# How to Use LN Function in Excel (9 Examples)

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The LN function in Excel is a Math Function that returns the natural logarithm of a number. Here is an overview: ## Introduction to the LN Function

Objective: To calculate the natural logarithm of a number.
Syntax: =LN(number)
Arguments: number- that you want to calculate the natural logarithm of

## How to Use the LN Function in Excel: 9 Examples

Integer Numbers: In mathematics, integers are a set of whole numbers that can be positive, negative, or zero, but cannot be a fraction.

### 1. Find Out the Natural Logarithm of a Positive Integer Number Using the LN Function in Excel

The integer numbers include positive whole numbers like 1,2,3,4, etc. Let’s compute the natural logarithm for them.

How to Do: In cell E5 put the following formula:

`=LN(2)` Result: The natural logarithm of positive integer 2 results as 0.69

Similarly, we can get the natural logarithms of all positive integers as we did in the example for 3,4,5, and 10

### 2. Compute the Natural Logarithm of a Negative Integer Number

The integer numbers include negative whole numbers like -1,-2,-3,-4, etc. let’s compute the natural logarithm for them.

How to Do: In cell E5 put the following formula:

`=LN(-1)` Result: The natural logarithm of negative integer -1 results in  #NUM! error.

Similarly, as shown in the example, any negative number will result in #NUM! error in the LN function.

### 3. Evaluate the Natural Logarithm of 0 by the LN Function

Zero (0) is an integer number as we described before. Let’s evaluate the natural logarithm for zero.

How to Do: In cell E5 put the following formula:

`=LN(0)` Result: The natural logarithm of zero (0) results in  #NUM! error.

### 4. Calculate the Natural Logarithm of a Fractional Number

Fractions: In Mathematics, fractions are defined as parts of whole numbers that can be both positive and negative.

#### 4.1 Natural Logarithm for a Positive Fractional Number

How to Do: In cell E5 put the following formula:

`=LN(0.1)` Result: The natural logarithm of 0.1 is –2.30.

Similarly, we can see from the example that the natural logarithm of positive fractional numbers will result in negative fraction numbers.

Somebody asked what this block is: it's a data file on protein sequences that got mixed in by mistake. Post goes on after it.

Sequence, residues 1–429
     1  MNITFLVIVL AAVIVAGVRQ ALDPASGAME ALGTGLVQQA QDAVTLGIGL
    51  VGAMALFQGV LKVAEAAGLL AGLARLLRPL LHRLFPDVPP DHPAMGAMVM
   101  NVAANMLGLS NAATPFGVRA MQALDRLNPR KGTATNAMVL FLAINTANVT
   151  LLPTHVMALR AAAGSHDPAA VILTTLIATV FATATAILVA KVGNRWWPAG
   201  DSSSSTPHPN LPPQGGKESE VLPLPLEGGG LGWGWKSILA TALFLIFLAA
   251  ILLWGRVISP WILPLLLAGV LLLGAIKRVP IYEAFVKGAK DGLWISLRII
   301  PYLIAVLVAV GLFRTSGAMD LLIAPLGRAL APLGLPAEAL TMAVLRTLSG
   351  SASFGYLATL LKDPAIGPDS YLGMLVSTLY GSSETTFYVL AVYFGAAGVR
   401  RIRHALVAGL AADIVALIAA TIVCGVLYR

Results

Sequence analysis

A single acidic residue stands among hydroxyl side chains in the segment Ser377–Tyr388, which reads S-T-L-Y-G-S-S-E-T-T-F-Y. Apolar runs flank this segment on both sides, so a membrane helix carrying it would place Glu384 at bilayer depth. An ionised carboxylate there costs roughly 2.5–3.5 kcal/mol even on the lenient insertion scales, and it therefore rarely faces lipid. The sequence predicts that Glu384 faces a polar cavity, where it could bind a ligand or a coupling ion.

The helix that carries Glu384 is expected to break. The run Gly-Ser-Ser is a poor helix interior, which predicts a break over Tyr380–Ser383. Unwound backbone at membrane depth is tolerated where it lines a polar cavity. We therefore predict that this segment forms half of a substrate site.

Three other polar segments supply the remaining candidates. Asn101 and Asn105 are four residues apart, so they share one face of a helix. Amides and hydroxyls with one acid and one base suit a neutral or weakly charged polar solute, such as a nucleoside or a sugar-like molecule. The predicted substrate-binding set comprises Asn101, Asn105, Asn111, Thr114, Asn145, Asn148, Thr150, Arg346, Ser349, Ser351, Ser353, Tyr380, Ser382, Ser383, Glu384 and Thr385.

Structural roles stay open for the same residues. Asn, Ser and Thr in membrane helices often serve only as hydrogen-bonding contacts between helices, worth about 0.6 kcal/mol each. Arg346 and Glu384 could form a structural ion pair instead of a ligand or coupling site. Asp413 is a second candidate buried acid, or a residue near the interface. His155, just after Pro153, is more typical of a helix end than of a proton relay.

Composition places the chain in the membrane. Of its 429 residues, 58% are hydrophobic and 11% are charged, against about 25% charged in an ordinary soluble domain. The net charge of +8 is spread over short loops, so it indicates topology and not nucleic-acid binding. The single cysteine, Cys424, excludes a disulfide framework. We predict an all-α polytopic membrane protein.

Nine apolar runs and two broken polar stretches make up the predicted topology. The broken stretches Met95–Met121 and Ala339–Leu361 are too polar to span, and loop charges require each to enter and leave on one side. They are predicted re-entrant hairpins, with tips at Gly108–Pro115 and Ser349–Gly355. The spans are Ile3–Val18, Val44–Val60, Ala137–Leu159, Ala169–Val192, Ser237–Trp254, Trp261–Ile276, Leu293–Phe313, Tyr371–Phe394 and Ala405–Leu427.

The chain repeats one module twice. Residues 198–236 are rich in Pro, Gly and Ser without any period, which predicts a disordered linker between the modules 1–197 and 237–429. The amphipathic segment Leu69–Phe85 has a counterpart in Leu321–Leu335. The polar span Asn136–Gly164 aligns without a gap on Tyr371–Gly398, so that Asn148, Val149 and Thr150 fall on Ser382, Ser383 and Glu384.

#### 4.2 Natural Logarithm for a Negative Fractional Number

How to Do: In cell E8 put the following formula:

`=LN(0-.5)` Result: The natural logarithm of all negative fractional numbers will result in  #NUM! error as shown in the example.

### 5. Use the LN Function to Calculate the Natural Logarithm of 1

How to Do: In cell D5 put the following formula:

`=LN(1)` Result: The natural logarithm of 1 results in 0.

### 6. Natural Logarithm of 2.718 Using the LN Function in Excel

The LN is a function that works opposite of the EXP function. In this example, we first calculated the exponential of 1 and then used the result as input for the LN function.

How to Do:

• In the cell, D5 put the following formula:
`=EXP(1)` • In D6 put D5 as the input for the LN function, i.e.
` =LN(D5)` Result: The natural logarithm of 2.718 results in 1.

### 7. Find Out the Natural Logarithm of a Non-numeric Value

The LN function cannot evaluate a non-numeric value as it is a Mathematical function. Let’s dive into the example:

How to Do: In cell E5 put the following formula:

`=LN(a)` Result: The natural logarithm of the non-numeric value a results in  #NAME? error.

Similarly, any non-numeric values or a combination of number and non-numeric values results in #NAME? or #VALUE! error.

### 8. Figure Out the Natural Logarithm of an Exponential Number Using the LN Function in Excel

The LN function and the EXP function are opposite of each other. When we use the EXP function nested within the LN function it results in the argument of the EXP function itself.

See a bunch of examples in the screenshot below: ### 9. Relation Between LN and LOG Function

The LN function is a form of the LOG function that has e as its base. In this example, we’ll show how these two can be used alternately to get the same result.

How to Do:

• Put the following formula in cell E5
`=LOG(4,EXP(1))` • In the next step, write the LN function which takes 4 as its argument. Result: The output from both the formulas is 1.39 which confirms our previous statement.

## Things to Remember

• The LN function only allows positive numbers (whole or fractional) as arguments.
•  Negative whole numbers, negative fractional numbers and zero will result in #NUM! error as they are considered invalid arguments for the LN function.

## Conclusion

Now, we know how to use the LN function in Excel. Hopefully, it would encourage you to use this function more confidently. Any questions or suggestions don’t forget to put them in the comment box below.

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